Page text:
Reduction in Low Level Casualties in the War on Drugs

U.S. Attorney general Eric Holder is proposing to reduce sentencing exposure for 70 percent of the drug offenders in the federal system. The attorney general is trying to cut the burden on the Federal Bureau of Prison population. The proposal will reduce current mandatory minimum punishments for non-violent drug offenders.

Holder says that:

"Certain types of cases result in too many Americans going to prison for far too long, and at times for no truly good public safety reason. Although the United States comprises just five percent of the world's population, we incarcerate almost a quarter of the world's prisoners."

The current guidelines will remain in effect until the federal sentencing commission votes on the proposal next month. Holder, instructed all federal prosecutors not to object if defense attorneys ask judges to consider the new lighter proposed guidelines.

Current mandatory federal drug sentences are ridiculous. First time offenders with certain drug quantities face ten years federal time for an offense that would likely result in a year in a state court. These crimes are not in the federal system because they are exceptionally heinous or because of enormous drug quantities. Rather, they are just in federal court because federal courts have concurrent jurisdiction over most drug crimes.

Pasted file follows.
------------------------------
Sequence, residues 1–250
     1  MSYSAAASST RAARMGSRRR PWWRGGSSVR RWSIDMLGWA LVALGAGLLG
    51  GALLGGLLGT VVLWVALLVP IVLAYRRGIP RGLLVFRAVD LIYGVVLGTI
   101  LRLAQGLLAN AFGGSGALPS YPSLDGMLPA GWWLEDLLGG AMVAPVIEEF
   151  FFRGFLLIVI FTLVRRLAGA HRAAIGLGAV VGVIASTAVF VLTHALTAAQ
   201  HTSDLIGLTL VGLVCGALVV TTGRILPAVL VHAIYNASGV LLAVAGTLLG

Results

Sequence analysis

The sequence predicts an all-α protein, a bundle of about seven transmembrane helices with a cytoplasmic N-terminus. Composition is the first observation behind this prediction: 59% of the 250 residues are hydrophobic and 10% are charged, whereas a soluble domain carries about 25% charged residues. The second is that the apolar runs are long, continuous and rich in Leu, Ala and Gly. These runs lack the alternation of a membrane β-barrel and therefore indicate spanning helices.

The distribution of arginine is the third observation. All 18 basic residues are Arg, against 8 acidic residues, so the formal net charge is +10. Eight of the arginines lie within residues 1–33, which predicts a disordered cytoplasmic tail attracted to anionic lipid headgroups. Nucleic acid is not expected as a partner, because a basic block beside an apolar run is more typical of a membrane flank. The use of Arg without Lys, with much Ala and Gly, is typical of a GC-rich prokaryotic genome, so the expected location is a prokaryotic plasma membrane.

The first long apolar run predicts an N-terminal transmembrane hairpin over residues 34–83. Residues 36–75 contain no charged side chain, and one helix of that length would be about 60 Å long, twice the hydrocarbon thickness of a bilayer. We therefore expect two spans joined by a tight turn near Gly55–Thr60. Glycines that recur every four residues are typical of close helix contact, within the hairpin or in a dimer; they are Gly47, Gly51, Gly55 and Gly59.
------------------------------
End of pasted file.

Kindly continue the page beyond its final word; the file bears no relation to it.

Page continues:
Many people would be surprised by how easy it is for a federal prosecutor to blow a federal drug offenders sentence through the roof. Federal judges are allowed to consider "relevant conduct" at sentencing. This means that if a suspect is caught with a small amount of drugs but reliable evidence shows that he previously sold large quantities of drugs. A federal court can sentence him as if he were in possession of the entire large quantity of drugs. This "reliable" information can come from snitches hoping to reduce their own sentences. The predictable and absurd consequence of this structure is that jailhouse informants frequently accuse each other of exaggerated distribution amounts resulting in astronomical sentences.

Holder's proposed lower sentencing ranges would result in a 17 percent decrease in the average length of time imposed on a drug offender, Justice Department officials said. This will reduce the Bureau of Prison population by 6,550 people within five years. Almost half of the 216,000 people serving federal time are doing so for drug crimes. Holder says:

"By reserving the most severe penalties for dangerous and violent drug traffickers, we can better protect public safety, deterrence and rehabilitation while saving billions of dollars and strengthening communities,"

All federal criminal defense attorneys need to be aware of this event. Federal sentencing law is literally changing as I am writing this article. Eric Holder's announcement today could affect criminal sentences imposed as early as tomorrow morning. Federal sentencing practices remain out of step with reality. This, however, is movement in the right direction. By staying ahead of these developments I intend to use this information to assist my clients.

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